Helping Orphans in Africa - Perspective from a Sixth Grader

During my time at TC, unforgettable memories have been made. Sometimes, I can't believe the things I've done as a teacher.  Let's see...  I've led funerals for "banned words" laying them to rest in a real coffin so my students will stop using them in their writing assignments.  I've bribed kids in my classes to sing their 49 Prepositions for the Talent Show.  I've made a working digestive system - ending with real poop.  I've willingly held pig eyeballs and other organs which I picked up WARM from a sausage factory.  (Yes, students, I sacrifice much for you!)  I've witnessed middle school boys and girls create a skit and perform it as synchronized swimmers building a bridge.  I've had boys cut their hair with scissors I passed out for a craft.  I've had my blood drawn in front of a class for educational purposes.  I've read papers written by students that expose the depths of their soul.  I've cried with kids who are hurting.  I've been burdened for children facing challenges and have had the privilege to pray for them.  I've read the work of budding poets.  I've read stories and seen student presentations that make me cry.  Unprompted, I've had students write poems, stories, and books for me.  I've been given visions by God showing me what potential is in each child and what kind of impact each one can have on this world.  Mostly, I've been given an undeniable gift - a small piece of each child's heart.  And, I've given them part of mine.  

Last year, my students walked with us through our adoption.  I remember when Reid came to tell me our I-600 had been approved.  I started crying and all the kids started cheering - even though they had no clue what an "I-600" was!  Later other students were running up to me celebrating that we had been approved because, you know, Mrs. Beebe's I-600 approval was the buzz in the hallways.  These students were prayer warriors who prayed our son home!  Students from my classes even surprised us at the airport when Godwin came home.  Papers written last year about caring for orphans caused me to wonder what seeds the Lord was planting on hearts.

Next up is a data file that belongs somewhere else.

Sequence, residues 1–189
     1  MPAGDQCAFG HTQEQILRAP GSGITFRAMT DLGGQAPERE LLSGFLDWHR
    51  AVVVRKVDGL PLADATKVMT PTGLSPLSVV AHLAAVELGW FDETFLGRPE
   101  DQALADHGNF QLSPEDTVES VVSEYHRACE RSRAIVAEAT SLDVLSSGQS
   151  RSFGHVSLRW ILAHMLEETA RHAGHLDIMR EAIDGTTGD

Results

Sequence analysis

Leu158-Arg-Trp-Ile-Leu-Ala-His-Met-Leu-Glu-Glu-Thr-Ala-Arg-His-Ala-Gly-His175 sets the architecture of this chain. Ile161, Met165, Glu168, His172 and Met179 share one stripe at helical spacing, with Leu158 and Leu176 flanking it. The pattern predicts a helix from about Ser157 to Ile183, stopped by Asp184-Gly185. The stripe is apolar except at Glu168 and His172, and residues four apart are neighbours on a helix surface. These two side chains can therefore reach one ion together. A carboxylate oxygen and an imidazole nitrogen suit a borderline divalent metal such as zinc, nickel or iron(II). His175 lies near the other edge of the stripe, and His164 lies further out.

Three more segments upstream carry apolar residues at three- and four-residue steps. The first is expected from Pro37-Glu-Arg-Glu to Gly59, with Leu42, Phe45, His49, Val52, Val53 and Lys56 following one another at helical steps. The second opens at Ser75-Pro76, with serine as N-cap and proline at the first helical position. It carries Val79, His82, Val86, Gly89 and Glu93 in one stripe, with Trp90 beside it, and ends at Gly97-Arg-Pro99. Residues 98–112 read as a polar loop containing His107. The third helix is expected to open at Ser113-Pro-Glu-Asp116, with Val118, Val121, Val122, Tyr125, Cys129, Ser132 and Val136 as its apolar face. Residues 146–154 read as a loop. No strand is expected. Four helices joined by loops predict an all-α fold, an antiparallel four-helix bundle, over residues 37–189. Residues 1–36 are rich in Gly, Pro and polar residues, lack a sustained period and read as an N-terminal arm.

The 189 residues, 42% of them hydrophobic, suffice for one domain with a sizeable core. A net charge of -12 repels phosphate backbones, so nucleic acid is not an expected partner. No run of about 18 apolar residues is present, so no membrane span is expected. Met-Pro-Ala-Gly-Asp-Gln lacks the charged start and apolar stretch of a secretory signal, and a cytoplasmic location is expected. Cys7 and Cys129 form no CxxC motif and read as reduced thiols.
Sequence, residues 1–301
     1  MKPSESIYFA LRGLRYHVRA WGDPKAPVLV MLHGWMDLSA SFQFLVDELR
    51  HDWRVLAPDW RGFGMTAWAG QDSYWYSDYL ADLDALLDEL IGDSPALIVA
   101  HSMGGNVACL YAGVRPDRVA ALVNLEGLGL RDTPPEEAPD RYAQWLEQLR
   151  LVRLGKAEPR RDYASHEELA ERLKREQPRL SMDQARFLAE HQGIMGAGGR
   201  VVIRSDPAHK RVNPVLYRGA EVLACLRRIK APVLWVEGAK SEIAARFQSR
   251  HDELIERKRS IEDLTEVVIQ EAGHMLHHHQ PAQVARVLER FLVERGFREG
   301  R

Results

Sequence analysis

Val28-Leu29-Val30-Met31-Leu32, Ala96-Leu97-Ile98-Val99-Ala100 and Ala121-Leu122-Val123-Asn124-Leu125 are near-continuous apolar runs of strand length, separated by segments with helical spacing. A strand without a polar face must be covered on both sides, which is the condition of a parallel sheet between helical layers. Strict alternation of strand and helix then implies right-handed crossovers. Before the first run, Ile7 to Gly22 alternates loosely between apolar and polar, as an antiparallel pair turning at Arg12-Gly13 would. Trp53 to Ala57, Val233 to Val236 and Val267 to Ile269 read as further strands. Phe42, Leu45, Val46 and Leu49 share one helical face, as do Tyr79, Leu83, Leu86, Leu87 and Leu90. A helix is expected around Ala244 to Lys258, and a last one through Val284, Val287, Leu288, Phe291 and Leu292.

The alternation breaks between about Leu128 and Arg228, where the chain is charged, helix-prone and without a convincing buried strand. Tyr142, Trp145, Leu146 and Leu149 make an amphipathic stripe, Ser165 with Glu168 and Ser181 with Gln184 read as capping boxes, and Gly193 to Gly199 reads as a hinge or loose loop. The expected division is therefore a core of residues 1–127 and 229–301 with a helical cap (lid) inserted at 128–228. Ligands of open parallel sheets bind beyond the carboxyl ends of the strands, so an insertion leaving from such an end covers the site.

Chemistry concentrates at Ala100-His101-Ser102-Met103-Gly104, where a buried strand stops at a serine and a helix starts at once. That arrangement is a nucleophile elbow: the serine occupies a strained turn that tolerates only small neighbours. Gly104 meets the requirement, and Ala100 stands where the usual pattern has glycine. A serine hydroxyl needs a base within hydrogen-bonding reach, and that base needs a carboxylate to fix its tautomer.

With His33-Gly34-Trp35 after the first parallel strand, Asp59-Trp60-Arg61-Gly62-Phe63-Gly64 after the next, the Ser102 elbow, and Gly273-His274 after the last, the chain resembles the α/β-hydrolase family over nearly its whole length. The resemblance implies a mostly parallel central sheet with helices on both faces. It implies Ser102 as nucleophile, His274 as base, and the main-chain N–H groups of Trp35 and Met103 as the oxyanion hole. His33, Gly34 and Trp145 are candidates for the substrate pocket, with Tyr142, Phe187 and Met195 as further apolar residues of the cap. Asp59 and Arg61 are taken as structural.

Thursday Connection has been such a blessing in my life.  I've looked forward to teaching each week.  And today was the last day with the kids who have filled my life for years.   It's hard to believe.

Pardon the derailing, but last Saturday I had a bad fall which injured one of my ribs.  Either a severe bruise on my rib or a fracture has caused pain since then.  A dull, throbbing pain has been constant with sharp intensity sideswiping me if I breathe too deeply or cough.  It's been the same with the emotion of my heart.  A dull pain has begun to cover my inmost being - knowing we are leaving the people we love and everything we have known.  This dull heartache is constant.  Today the pain intensified.  Sharp intense pain came in waves as I said "Goodbye" to my precious kids.